Home Equity Loans Are Still a Smart Financing Option Even with New Tax Laws
New IRS tax laws for 2018 confused even the most seasoned CPAs, but the IRS has issued some clarification about the deductibility of interest on Home Equity Loans. For borrowers planning to use a Home Equity Loan to finance home projects like replacement windows, a new roof, or building an addition/remodel, the news is good. That interest is still deductible as long as the total home mortgage interest falls below the new 2018 limit (covered later in this article). Unfortunately, for folks planning to use the equity in their home to pay off credit cards, pay for college, or take a vacation, that interest is no longer deductible.
Some might ask, does it still make sense to use a Home Equity Loan to pay for expenses now that the interest deduction is gone? Kevin Peterson, Empower Federal Credit Union’s Vice President of Consumer Lending says, “Yes,” and here’s why:
Even without the Deduction, Home Equity Remains One of the Cheapest Ways to Borrow Money: “Because Home Equity Loans are secured by real estate, interest rates are much lower than unsecured personal loans or credit cards. Interest rates on Home Equity Loans can usually range between 3% and 5%, depending on your lender and certain underwriting criteria. Personal loan interest rates typically start above 8%, and can go much higher. Credit cards average just under 15%,” explains Peterson.
Your Interest Rate is Fixed: Most people have a variable APR on their credit cards, meaning the interest rate on the card is tied to interest rates in general. Most credit card companies link APRs to the prime rate, which is the rate banks charge their biggest, best customers for loans. So, if the prime rate goes up, so does your interest rate. On a Fixed (or Closed-End) Home Equity Loan, your interest rate is locked for the term of the loan, usually between 60 and 180 months, meaning there are no surprises.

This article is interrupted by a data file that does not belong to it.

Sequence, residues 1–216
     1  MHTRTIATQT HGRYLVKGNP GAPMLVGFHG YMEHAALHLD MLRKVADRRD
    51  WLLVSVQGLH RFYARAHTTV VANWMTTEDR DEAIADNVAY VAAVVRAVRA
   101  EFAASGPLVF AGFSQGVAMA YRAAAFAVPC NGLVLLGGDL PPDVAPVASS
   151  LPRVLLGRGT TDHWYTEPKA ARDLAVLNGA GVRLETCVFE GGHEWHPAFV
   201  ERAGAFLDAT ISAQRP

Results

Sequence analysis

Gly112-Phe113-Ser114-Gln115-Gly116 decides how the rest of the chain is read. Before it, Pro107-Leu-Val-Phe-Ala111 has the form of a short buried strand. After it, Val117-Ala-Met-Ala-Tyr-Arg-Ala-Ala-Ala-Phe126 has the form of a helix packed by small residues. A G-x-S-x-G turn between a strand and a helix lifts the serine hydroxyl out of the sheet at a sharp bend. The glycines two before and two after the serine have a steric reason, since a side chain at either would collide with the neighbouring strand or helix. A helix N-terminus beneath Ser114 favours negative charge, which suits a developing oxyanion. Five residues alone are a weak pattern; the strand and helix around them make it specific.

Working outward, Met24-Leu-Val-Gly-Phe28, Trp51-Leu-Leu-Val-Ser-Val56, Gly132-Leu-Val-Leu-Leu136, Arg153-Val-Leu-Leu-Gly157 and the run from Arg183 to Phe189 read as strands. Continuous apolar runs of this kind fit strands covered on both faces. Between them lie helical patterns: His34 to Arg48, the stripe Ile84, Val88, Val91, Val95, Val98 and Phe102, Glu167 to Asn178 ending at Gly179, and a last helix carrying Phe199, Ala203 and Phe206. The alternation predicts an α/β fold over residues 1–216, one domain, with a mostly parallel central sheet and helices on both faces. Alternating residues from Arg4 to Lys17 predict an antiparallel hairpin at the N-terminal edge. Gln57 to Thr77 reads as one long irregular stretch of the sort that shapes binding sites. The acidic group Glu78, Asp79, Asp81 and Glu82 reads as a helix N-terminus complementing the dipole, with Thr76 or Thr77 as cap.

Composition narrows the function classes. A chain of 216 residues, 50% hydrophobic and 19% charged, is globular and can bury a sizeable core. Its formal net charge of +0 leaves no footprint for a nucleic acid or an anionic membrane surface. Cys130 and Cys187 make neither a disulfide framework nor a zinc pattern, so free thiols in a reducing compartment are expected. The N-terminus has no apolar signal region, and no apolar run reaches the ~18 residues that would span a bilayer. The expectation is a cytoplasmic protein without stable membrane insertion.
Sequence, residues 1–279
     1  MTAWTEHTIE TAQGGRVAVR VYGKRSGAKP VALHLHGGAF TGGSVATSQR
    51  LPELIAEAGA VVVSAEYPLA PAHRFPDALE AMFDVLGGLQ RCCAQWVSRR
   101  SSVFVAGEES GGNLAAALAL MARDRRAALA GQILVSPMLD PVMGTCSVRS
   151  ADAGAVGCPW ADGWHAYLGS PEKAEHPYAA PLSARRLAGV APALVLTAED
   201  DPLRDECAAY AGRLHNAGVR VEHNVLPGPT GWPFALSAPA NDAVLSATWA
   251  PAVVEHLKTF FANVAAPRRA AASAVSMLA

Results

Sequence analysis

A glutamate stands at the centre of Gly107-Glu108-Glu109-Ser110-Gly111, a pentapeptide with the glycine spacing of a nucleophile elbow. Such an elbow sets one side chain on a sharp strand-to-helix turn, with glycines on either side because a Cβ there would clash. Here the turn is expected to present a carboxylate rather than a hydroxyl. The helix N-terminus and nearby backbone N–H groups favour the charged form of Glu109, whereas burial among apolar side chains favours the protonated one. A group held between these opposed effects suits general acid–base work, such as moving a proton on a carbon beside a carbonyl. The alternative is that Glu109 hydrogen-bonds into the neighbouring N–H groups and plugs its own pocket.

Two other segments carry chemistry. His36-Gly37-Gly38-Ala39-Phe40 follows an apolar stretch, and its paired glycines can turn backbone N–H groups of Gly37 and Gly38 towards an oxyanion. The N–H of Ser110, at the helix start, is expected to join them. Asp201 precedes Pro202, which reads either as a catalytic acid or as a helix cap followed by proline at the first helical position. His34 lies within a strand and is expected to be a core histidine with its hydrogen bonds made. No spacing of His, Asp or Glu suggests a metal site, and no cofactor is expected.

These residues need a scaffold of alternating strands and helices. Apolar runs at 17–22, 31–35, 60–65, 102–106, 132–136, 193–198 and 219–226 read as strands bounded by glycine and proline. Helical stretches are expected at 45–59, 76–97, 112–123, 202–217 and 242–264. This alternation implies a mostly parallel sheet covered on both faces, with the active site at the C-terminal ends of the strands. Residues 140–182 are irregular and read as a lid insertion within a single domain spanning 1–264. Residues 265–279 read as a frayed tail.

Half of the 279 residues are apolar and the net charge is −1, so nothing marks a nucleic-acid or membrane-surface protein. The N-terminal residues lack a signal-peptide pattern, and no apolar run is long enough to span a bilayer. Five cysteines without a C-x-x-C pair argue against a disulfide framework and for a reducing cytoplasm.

Consolidating Your Debt Can Save You Money: Say you have $40,000 in combined credit card debt at interest rates ranging from 9.99% up to 15%. Even though you make the minimum payment on your cards every month, you’re still incurring interest expense. If you were to take out a Home Equity Loan for $40,000 to pay off your credit card debt, your interest rate on the Home Equity Loan would be much lower. You’re still paying interest on this debt, but at a much lower rate. The bottom line is you still own the debt, but your carrying costs decrease.
You Can Boost Your Credit Score: Paying down credit card debt will help your credit rating. “Wiping the slate clean is always a good idea,” confirms Peterson. “It will have an immediate impact on your credit score and improve your debt ratio, making you more attractive to lenders in the future. This can help you to secure better rates on other loans going forward.”
You Can Pay Off Debt Faster: Lower interest rates means more of your monthly payment goes toward paying down principal on your loan, so your debt gets repaid faster.
You Have Access to Greater Loan Amounts for College: Interest rates on Home Equity Loans can sometimes be lower than those on student loans depending on what’s available, and the U.S. Department of Education does impose annual loan limits on federal loans. These loan caps may not provide families with sufficient borrowing power, especially if the student is attending a high-cost college or university. Home Equity Loans can be beneficial when higher funding amounts are needed, providing homeowners have sufficient equity.
Home Equity Provides a Tax-Deductible Source for Home Improvement Funding: As long as the proceeds from your Home Equity Loan are used “to buy, build or substantially improve the taxpayer’s home that secures the loan," then the interest is deductible, within limits. The new law imposes a lower dollar limit on mortgages qualifying for the home mortgage interest deduction. Beginning in 2018, taxpayers may only deduct interest on $750,000 of new qualified residence loans ($375,000 for a married taxpayer filing separately). The limits apply to the combined amount of loans used to buy, build or substantially improve the taxpayer’s main home and second home.
You Control the Term: Using equity in your home to finance projects, education, or consolidate debt also provides the borrower with greater flexibility in terms of loan term. Student loans typically have a specified repayment period of 10 years. Using a Home Equity Loan allows the borrower to stretch out the payment through extended terms, sometimes up to 180 months.